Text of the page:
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Dylann Roof, the individual that shot and killed nine Black churchgoers at the Mother Emanuel AME Church in Charleston, South Carolina in 2015, will continue to await his execution. The 4th Circuit Court of Appeals upheld his conviction and death sentence on August 25, 2021.

Roof was sentenced to death in 2017, making him the first individual to be handed the death penalty for a federal hate crime. His appellate lawyers argued Roof should have been deemed incompetent to stand trial, where he represented himself for sentencing and actively sought to exclude evidence about his mental health based on a “delusional belief” that “he would be rescued from prison by white-nationalists—but only, bizarrely, if he kept his mental-impairments out of the public record.” The 4th Circuit rejected the argument that his convictions and sentence should be vacated, or that the case should be remanded to the trial court for further competency assessments.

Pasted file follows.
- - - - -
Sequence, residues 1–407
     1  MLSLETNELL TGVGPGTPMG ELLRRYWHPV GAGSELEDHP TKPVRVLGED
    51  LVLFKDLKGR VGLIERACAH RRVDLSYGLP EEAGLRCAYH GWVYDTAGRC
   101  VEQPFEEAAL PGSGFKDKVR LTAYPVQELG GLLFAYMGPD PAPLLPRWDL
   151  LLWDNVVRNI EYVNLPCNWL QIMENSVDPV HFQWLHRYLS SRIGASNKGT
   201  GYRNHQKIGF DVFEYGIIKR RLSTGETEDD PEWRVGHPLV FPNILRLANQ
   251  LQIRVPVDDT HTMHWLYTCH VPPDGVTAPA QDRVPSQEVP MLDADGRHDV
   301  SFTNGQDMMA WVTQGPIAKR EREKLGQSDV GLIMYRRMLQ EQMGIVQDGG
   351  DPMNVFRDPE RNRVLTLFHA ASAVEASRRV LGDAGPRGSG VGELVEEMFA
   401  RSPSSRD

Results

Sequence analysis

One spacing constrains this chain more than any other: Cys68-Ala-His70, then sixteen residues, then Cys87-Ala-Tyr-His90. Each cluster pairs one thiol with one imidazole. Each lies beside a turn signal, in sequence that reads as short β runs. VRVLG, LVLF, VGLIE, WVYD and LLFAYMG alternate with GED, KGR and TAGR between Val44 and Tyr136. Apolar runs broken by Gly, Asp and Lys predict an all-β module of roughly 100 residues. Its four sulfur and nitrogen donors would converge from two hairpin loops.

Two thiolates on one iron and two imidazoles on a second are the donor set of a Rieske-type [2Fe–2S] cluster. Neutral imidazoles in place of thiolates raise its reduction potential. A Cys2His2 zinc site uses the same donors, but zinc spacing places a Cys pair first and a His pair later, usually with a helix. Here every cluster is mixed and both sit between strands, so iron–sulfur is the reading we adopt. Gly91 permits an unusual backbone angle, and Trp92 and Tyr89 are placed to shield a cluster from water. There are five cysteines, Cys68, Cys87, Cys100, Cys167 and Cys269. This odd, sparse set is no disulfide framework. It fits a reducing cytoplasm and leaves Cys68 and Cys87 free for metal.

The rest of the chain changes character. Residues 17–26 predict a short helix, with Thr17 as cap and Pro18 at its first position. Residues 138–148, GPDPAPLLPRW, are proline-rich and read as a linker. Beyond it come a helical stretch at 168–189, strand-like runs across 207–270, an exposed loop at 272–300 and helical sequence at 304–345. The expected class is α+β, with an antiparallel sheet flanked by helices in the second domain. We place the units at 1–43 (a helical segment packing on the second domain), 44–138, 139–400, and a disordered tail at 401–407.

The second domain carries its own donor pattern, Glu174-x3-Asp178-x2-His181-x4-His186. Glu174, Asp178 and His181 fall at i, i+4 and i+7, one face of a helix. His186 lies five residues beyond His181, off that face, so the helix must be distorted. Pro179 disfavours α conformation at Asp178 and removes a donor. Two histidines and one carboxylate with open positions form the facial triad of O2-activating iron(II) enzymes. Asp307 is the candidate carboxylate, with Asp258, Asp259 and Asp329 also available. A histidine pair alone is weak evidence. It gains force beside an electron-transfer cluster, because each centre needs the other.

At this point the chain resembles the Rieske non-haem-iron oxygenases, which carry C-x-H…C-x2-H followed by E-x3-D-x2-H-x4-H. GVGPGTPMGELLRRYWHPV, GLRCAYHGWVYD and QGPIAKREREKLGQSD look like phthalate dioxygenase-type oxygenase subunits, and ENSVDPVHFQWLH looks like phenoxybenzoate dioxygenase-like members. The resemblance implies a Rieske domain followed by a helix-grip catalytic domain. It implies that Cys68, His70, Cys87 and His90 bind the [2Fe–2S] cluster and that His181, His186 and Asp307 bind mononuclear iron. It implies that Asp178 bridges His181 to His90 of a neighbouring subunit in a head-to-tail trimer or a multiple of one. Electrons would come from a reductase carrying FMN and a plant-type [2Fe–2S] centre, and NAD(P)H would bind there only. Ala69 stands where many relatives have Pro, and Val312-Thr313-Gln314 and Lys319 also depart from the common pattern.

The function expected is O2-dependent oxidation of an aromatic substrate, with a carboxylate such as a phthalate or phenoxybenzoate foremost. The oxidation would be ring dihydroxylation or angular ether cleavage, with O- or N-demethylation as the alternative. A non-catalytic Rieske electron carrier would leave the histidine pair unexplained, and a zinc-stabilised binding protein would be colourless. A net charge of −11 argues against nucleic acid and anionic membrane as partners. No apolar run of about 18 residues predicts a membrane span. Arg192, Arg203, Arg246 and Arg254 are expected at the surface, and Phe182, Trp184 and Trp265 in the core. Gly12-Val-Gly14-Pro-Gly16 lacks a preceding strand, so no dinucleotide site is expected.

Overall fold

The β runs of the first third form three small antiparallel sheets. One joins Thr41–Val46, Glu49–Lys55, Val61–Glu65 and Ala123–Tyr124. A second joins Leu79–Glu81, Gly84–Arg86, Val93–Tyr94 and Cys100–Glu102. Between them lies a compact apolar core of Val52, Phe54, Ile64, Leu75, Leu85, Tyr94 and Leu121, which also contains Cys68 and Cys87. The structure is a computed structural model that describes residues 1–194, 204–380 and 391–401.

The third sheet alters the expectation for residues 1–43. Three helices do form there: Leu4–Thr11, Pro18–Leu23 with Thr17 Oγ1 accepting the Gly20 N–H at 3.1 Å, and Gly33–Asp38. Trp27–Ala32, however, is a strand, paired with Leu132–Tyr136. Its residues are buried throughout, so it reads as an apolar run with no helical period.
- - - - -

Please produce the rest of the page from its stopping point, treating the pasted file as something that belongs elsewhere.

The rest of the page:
Currently, there is a moratorium on all federal executions while the Justice Department revisits its existing policies and procedures for implementing the death penalty. California has a similar moratorium on capital punishment and has not executed anyone since 2006.

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